Medtner's Concerto No. 2 is somewhat like a very rich dessert, with its flamboyant orchestration, many-textured harmonies, abrupt shifts from high orchestral drama and its passion, the sweetness of its unusually beautiful melodies, and its requirement of a prodigious technique by the soloist. From the first note he played, soloist Yevgeny Sudbin, one of the finest pianists of the modern concert stage, showed that he has the requisite skill to perform brilliant passagework and breathtaking, rapid movement from one end of the keyboard to the other; enchant audiences with thematic statements so lightly articulated that they are barely audible and yet completely clear; and execute long, shimmering trills. For example, at the beginning of the work, Sudbin had to play a touch piece, a toccata, which introduces a quite difficult melody, supported by a very disjoint rhythm, and all demanding lots of strength and brilliance. This introductory music contrasts almost immediately with the following lyrical, Romantic melody. After a deliberate development of these themes by soloist and orchestra, plus a march, the pianist begins the recapitulation with a long, seemingly impossible cadenza based on all the preceding themes plus some formidable scale passages and powerfully articulated, forte phrases. This early demonstration of Sudbin's virtuosity is an effective illustration of all the many skills a pianist must have to perform this concerto. Some additional examples of Medtner's compositional skills and Sudbin’s formidable technique are found in my favorite passages: the slow, soft melodies of great beauty which occur in many places in the concerto and which remind one of the nocturnes of Chopin, whose touch and sustained melodies Medtner obviously admired.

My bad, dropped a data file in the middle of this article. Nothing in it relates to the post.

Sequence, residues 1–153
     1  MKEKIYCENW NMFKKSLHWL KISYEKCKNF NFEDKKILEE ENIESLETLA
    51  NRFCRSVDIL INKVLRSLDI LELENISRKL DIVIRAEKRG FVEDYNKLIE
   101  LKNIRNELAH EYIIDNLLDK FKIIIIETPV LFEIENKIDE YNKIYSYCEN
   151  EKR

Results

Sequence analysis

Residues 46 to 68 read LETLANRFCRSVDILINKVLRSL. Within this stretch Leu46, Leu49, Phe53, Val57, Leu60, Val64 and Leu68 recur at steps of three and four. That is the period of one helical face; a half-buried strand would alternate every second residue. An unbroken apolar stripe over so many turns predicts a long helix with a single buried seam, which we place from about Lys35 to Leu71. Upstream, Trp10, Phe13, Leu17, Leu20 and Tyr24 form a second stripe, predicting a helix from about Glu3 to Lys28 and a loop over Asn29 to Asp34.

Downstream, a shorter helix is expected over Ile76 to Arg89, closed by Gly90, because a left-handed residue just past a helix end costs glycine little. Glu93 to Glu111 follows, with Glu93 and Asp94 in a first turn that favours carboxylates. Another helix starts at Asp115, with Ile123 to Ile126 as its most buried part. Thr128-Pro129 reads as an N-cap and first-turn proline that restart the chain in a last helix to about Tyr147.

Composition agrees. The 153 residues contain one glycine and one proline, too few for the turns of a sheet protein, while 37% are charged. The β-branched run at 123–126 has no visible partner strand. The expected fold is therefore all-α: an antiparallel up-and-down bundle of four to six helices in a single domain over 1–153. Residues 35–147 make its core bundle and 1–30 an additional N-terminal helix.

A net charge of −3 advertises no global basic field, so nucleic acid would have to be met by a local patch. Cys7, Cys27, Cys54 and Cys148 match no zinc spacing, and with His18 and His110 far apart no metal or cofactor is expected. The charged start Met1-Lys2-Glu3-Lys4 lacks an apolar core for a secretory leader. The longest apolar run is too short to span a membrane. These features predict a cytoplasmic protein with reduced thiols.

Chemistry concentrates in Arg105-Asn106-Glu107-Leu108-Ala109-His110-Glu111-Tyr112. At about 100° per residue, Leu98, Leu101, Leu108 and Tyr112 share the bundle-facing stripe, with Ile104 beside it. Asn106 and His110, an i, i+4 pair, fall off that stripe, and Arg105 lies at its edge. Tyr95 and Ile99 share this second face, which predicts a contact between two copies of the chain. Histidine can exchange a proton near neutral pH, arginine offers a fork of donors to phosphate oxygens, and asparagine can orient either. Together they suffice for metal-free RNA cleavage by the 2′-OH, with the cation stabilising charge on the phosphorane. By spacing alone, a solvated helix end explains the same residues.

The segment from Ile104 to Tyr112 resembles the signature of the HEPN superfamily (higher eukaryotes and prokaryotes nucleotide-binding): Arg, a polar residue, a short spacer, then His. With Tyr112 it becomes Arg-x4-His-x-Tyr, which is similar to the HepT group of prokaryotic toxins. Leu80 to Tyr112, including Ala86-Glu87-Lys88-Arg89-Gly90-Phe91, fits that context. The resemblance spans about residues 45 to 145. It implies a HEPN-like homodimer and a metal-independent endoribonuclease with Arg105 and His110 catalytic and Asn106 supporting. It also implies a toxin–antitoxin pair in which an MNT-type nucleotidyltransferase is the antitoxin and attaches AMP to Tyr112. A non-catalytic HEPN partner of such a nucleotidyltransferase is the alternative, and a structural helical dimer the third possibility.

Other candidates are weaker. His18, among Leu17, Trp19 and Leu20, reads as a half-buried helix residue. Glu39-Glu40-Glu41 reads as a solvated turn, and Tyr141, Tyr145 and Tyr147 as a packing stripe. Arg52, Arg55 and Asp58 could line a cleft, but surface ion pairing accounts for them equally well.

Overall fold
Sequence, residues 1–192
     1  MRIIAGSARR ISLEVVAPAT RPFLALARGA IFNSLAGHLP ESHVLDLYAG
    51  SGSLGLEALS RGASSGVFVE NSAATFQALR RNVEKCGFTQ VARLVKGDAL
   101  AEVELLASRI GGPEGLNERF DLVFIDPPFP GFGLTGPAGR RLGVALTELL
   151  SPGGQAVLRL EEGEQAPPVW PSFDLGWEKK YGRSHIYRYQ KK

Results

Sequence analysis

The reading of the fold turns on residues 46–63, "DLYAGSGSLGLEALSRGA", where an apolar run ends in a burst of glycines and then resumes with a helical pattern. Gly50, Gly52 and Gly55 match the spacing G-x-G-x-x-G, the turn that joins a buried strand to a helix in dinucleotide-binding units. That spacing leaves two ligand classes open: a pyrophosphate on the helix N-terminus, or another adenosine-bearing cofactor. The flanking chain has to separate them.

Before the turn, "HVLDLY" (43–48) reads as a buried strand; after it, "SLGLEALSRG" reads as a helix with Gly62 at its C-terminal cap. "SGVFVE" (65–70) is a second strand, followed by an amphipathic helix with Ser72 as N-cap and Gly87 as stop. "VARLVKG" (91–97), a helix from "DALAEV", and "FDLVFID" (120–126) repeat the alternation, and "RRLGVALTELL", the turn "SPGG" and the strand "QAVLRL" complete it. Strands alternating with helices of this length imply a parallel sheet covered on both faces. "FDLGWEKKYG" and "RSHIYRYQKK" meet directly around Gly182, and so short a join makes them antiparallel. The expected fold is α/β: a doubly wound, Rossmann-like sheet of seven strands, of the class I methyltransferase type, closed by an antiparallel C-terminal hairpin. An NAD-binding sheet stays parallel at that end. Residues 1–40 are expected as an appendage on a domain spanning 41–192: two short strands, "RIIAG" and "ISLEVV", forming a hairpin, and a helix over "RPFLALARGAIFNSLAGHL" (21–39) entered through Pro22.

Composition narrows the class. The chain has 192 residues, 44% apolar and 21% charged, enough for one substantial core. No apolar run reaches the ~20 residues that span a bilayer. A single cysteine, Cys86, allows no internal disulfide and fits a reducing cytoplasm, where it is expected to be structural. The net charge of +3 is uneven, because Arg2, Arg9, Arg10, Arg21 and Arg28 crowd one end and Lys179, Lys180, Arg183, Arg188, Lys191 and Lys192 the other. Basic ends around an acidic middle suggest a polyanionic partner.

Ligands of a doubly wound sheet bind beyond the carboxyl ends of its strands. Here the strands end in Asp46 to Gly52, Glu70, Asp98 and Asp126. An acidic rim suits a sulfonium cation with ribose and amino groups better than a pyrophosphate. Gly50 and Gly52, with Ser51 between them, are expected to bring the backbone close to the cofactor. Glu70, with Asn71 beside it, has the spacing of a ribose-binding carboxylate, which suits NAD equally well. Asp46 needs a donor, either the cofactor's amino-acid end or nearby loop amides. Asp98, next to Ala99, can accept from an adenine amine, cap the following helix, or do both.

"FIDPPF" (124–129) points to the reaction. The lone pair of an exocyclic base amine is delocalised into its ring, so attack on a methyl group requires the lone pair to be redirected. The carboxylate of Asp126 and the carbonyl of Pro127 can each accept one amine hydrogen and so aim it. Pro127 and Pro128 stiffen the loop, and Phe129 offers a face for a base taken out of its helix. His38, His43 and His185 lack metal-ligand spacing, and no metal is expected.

Like Sudbin, the North Carolina Symphony offered its audience a polished performance of this work, which seems quite as difficult for orchestras as it is for pianists. The superior ability of conductor Llewellyn and the obvious intense rehearsals which he and his musicians had worked through together prepared all the players for the many sudden shifts in tempo and dynamics, and allowed them to acquire a full understanding and appreciation of Medtner's harmony and subtleties of rhythm.
The second half of the concert was Dmitri Shostakovich's monumental first public work, the Symphony No. 1, Op. 10, which received its first performance in 1926. The playing of this work revealed the North Carolina Symphony at its best. Despite the length of the Medtner concerto and the overly-heated Meymandi Concert Hall, no one's attention strayed in the smallest degree from the dynamic music the orchestra produced. Llewellyn and his players made clear the basic musical characteristics of Shostakovich: the grandeur of his musical thought, the angular melodies, the austere nature of his harmony, and the solos by unexpected people. The composer's tendency to reverse and invert themes in the recapitulations of some movements — for instance, the backwards restatement of the four theme groups in the first movement, and the mirror images of two themes in the last movement — led to some breathless moments among the listeners. The orchestra played these movements quite well and I suspect enjoyed what they supposed to be the audience's reaction to the lack of the natural order of the statement of the themes in each movement. One of the most effective movements in this symphony was the third, with its dirge-like themes which the orchestra played with somber gravity. The concluding measures of the final movement, with its shattering power, brought everyone in the audience to their feet in heart-felt tribute.